In many ways, Easley Blackwood's Symphony No. 5, a work in three movements, seems to belong to another time. Completed in Chicago in 1990, the piece is far more conservative than his first symphony composed some thirty-five years earlier. In Blackwood's own words, he imagined this work as the type of symphony Finnish composer Jean Sibelius (1865-1957) might have conceived (frequent use of rich, modal harmonies, for instance). While there is limited use of dissonance, the tonality is extremely traditional. Neo-Romantic in style, the piece seems to be a deliberate "throwback" to the sweep and grandeur found in the work of some of the great American symphonists such as Samuel Barber (1910-1981), Aaron Copland (1900-1990), Howard Hanson (1896-1981), and Roy Harris (1898-1979).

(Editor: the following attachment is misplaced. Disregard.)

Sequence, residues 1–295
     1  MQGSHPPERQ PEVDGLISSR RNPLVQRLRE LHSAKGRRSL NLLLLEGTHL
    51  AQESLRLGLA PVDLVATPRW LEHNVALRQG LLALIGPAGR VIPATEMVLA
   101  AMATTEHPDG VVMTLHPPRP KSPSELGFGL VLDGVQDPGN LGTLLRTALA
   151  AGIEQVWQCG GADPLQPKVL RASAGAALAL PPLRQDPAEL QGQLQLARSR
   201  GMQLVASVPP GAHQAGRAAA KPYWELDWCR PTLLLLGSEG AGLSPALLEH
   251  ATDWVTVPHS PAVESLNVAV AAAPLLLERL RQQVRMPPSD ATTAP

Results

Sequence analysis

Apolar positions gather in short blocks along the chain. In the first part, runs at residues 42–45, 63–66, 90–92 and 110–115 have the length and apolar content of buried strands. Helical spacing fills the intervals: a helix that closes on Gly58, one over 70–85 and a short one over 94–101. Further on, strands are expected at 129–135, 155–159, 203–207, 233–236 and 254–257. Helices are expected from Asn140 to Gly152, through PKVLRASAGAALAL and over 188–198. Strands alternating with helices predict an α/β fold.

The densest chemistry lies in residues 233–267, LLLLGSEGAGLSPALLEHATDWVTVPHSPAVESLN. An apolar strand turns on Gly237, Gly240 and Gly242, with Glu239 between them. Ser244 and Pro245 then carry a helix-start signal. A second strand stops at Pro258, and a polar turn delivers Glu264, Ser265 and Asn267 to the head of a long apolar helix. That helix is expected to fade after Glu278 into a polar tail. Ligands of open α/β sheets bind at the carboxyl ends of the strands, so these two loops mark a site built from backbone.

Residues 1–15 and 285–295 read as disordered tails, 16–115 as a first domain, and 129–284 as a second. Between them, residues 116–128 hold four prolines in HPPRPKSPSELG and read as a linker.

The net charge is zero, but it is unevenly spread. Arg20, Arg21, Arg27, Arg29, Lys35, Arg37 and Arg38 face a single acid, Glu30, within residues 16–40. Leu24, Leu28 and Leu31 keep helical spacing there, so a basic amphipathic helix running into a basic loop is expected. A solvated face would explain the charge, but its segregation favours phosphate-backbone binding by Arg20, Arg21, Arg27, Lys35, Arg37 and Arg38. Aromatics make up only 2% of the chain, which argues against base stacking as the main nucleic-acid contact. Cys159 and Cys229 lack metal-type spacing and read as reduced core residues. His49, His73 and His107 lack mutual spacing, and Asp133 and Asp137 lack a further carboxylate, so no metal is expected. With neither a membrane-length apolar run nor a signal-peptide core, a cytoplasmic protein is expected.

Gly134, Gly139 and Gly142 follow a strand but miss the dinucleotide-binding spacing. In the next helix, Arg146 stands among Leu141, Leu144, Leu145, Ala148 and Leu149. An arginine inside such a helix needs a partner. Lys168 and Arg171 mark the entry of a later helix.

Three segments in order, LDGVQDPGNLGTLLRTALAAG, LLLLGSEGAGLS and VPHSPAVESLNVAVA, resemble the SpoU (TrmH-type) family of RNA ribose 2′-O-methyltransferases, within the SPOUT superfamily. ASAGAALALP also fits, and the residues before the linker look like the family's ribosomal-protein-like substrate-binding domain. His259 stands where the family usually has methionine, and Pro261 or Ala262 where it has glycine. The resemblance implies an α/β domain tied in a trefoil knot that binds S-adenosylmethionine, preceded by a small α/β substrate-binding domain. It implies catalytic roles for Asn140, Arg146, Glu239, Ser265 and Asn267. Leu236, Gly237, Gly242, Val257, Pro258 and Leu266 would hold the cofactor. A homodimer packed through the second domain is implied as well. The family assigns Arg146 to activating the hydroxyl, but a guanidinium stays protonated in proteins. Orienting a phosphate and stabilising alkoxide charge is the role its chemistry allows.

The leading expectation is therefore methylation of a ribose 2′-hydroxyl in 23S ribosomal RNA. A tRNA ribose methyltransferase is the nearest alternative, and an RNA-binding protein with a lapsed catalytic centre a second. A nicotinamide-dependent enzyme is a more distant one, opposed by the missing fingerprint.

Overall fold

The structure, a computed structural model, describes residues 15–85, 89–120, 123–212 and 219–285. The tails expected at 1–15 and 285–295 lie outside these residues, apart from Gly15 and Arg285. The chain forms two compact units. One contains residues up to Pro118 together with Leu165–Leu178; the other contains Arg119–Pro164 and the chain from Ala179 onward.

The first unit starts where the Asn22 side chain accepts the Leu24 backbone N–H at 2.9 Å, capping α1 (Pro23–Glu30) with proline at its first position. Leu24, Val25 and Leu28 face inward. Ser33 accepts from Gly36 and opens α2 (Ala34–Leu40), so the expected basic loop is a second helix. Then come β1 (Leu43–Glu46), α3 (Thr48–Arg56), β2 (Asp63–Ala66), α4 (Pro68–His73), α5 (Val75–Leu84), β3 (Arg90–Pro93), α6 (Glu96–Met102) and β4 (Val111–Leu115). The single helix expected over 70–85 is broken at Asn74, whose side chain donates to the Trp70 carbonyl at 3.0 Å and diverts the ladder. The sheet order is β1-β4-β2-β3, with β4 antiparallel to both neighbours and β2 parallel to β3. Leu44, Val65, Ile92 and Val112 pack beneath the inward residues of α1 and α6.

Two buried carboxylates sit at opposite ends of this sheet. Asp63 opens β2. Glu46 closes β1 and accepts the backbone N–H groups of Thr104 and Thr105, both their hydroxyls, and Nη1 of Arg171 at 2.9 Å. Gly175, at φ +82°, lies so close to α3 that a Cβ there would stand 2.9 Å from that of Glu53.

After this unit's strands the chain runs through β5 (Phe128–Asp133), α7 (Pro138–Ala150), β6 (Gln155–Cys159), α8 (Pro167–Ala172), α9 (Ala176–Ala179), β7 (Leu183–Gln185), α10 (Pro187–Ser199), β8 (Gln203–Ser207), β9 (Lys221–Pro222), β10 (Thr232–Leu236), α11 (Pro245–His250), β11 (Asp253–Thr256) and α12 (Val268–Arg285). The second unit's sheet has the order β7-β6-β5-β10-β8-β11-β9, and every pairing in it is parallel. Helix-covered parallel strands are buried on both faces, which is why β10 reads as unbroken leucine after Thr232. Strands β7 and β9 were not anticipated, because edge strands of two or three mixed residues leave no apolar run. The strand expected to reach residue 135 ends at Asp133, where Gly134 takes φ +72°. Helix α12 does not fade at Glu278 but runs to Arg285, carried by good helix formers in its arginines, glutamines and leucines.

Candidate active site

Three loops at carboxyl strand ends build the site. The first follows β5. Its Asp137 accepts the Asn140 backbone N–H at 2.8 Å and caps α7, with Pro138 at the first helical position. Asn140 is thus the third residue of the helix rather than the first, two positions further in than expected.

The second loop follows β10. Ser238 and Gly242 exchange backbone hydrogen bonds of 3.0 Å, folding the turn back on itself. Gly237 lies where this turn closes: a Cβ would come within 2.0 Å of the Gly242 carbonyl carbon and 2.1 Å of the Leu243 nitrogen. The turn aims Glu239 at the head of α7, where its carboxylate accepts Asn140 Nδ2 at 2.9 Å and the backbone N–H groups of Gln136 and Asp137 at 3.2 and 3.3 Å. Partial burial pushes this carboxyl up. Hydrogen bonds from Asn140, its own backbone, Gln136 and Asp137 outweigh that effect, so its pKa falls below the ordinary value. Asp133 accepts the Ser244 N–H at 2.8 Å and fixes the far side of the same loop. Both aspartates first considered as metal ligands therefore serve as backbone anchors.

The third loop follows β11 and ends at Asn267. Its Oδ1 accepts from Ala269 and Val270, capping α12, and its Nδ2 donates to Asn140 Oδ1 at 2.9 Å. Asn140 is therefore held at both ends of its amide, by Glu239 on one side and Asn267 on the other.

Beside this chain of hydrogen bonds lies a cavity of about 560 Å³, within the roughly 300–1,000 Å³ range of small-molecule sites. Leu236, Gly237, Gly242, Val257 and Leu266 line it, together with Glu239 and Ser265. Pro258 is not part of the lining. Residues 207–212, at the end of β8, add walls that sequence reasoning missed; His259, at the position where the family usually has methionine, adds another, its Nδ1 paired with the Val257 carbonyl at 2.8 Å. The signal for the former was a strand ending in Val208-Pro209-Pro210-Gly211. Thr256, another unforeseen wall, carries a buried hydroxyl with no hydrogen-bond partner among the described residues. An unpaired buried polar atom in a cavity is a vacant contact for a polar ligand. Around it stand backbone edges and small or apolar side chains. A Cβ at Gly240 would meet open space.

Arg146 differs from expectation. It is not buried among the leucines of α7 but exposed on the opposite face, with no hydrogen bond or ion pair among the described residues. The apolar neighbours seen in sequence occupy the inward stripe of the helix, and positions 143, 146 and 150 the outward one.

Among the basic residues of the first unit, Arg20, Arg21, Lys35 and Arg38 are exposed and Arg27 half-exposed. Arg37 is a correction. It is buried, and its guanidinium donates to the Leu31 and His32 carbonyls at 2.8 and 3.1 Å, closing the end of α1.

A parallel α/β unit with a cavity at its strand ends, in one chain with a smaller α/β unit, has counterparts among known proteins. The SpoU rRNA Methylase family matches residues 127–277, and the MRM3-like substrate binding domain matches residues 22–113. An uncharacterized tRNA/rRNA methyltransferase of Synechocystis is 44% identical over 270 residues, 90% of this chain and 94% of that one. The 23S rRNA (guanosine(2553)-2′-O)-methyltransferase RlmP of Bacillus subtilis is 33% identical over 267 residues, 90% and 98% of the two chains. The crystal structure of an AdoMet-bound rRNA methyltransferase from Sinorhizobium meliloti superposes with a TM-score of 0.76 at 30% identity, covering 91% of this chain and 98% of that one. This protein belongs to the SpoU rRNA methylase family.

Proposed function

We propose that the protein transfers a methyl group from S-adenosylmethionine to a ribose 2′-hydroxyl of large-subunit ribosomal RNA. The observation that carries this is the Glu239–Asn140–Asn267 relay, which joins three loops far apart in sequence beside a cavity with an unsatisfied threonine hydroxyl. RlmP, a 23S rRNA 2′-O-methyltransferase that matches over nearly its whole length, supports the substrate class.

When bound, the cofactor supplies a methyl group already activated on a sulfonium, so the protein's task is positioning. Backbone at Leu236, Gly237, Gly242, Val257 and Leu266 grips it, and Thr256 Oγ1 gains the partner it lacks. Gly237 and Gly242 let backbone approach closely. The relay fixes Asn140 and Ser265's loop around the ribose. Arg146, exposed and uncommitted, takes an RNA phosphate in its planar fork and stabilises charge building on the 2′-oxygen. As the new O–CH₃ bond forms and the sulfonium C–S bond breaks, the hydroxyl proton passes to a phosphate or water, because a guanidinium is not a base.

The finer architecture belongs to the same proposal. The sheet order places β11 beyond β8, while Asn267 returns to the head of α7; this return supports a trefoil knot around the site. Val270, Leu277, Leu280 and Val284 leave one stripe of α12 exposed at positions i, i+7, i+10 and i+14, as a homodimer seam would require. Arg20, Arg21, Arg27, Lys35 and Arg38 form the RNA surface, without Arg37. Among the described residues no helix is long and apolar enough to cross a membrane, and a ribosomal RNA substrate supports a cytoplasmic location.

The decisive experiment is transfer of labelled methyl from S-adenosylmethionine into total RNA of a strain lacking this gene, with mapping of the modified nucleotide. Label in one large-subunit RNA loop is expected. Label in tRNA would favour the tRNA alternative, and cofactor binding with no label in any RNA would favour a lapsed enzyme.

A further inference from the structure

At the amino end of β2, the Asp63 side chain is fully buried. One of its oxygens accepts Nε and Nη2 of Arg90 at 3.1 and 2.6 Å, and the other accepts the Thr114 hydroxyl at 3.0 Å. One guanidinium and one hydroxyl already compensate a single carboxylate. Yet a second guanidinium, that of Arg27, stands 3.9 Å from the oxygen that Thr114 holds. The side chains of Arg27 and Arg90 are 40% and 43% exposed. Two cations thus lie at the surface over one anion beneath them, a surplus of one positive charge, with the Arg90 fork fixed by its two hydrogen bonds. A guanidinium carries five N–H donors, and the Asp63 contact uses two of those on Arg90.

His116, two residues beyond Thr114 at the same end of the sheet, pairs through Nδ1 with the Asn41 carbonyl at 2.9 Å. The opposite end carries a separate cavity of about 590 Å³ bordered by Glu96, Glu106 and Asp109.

The first movement, Allegro inquieto is in sonata form (first theme group, second theme group, development, recap, coda). A furtive, restless mood is established by tremolos in the upper strings and a searching dotted rhythm in the lower strings, answered almost in reverse by the oboes. A transition germinates based on the oboe material, which climaxes in a trumpet "fanfare" with a definite shift to major. The horn presents a lush, almost impressionistic "second theme." The first theme group, heard in fragments throughout the orchestra, is the basis for most of the material in the development section. Near its end, the strings offer a new, tranquil, lyrical theme in triplets followed by a series of chorales in the brass. The recap occurs about four and one-half minutes into the movement. After a lovely passage that is reminiscent of the Largo of Antonín Dvorák's (1841-1904) New World Symphony, the movement ends with a precocious little coda featuring the English horn and bass clarinet. The middle movement, Molto adagio, is this work's center of gravity, structurally and emotionally. At nearly eleven minutes in length, it is almost three minutes longer than the first movement and four minutes longer than the third. At the beginning, we are again close to the nineteenth-century of a Dvorák or Tchaikovsky (1840-1893), with a sustained sentimentality in the strings. But about three minutes in, the tonality and mood start to become edgier, building to a tug of war between an older tradition and the growing unease of more modern aspects. A transformation takes place from sweet naiveté to an almost tragic despair. The third movement, Allegro vivo, is a scherzo that starts with all the sunny mischief of Felix Mendelssohn (1809-1847), echoes of his Italian Symphony. Soon, material from the first movement returns to begin a dramatic change in character, similar to the one in the previous movement: the seemingly genial and good-natured turns darker and sardonic as the piece ends on a very loud minor chord.